A Delta 2 launches from Vandenberg. Credit: Justin Ray/Spaceflight Now

Delta 2 rocket gets another launch order from NASA

BY JUSTIN RAY
SPACEFLIGHT NOW
Posted: February 22, 2013

NASA has boosted its future plans using the venerable Delta 2 rocket, announcing Friday it would buy a fourth vehicle for upcoming Earth science research projects.

The United Launch Alliance vehicle has flown 151 times since debuting on Valentine’s Day 1989 and amassed a reliability rating of 98.7 percent. The track record includes only one outright failure and a remarkable string of 96 consecutive successful launches since 1997.

But after the U.S. Air Force transitioned its launches of new Global Positioning System satellites to the Delta 4 and Atlas 5 rockets, the Delta 2 lost its anchor customer.

For a time, it appeared the Delta 2 would fade into history after carrying a climate and weather observatory into orbit for NASA in October 2011.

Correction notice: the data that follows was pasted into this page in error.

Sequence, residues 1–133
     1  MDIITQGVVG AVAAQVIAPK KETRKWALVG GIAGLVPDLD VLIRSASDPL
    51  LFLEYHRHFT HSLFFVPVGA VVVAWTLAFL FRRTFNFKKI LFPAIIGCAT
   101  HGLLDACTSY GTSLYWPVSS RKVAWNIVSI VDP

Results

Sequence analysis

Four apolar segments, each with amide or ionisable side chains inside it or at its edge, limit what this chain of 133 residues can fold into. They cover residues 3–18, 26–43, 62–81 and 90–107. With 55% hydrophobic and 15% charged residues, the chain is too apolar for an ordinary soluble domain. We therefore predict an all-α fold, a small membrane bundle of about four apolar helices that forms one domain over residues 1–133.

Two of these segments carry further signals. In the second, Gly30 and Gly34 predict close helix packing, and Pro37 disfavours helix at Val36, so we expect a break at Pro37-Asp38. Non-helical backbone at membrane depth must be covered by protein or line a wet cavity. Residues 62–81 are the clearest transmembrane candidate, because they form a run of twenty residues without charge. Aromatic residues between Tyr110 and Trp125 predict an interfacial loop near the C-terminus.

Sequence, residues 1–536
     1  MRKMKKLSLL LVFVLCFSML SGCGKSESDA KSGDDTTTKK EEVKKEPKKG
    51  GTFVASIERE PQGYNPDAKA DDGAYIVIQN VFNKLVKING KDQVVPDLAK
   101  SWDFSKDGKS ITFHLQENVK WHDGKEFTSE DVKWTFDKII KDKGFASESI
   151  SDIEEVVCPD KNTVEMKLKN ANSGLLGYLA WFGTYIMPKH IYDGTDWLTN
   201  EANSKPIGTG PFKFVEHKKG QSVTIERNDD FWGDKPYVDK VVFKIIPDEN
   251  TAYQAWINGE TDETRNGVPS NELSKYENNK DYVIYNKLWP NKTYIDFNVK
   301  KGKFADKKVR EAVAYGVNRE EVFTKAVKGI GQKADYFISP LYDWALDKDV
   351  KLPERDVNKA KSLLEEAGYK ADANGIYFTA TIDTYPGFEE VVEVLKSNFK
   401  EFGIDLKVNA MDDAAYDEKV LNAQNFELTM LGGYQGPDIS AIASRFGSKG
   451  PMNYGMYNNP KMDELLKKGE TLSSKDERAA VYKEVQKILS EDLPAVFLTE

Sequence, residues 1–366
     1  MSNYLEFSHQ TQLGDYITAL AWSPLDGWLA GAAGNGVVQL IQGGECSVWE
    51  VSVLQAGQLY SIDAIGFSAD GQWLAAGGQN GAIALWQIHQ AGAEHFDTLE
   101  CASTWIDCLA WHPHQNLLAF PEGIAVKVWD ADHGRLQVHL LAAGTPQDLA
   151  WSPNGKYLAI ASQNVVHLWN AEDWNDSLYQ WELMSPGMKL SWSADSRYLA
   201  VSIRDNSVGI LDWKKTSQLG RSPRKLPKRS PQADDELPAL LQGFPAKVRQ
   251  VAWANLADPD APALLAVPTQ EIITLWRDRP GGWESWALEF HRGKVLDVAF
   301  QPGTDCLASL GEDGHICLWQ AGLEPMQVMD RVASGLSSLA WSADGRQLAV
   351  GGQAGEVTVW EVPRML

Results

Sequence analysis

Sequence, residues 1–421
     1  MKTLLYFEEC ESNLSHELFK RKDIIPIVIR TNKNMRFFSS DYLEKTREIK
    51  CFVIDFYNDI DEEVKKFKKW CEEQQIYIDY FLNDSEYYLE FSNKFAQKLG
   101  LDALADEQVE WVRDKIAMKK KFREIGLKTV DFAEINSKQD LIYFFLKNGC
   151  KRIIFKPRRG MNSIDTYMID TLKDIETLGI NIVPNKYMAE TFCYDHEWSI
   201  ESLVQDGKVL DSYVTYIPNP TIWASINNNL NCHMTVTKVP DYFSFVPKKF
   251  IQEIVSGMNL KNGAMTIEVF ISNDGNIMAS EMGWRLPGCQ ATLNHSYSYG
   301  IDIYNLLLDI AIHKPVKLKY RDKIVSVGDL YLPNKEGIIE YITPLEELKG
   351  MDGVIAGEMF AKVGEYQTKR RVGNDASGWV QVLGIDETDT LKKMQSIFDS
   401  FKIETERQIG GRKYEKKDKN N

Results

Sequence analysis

But NASA breathed new life into the rocket last July, purchasing three future flights from an inventory of five remaining Delta 2s.

Friday’s news buys a fourth of the five, leaving the elements of just one unsold rocket remaining in the stockpile.

This latest deal will carry the agency’s second Ice, Cloud and Land Elevation Satellite into orbit from Vandenberg Air Force Base in California. ICESat 2 is slated for liftoff from Space Launch Complex 2-West in July 2016.

Read more: Spaceflight Now | Delta Launch Report | Delta 2 rocket gets another launch order from NASA.

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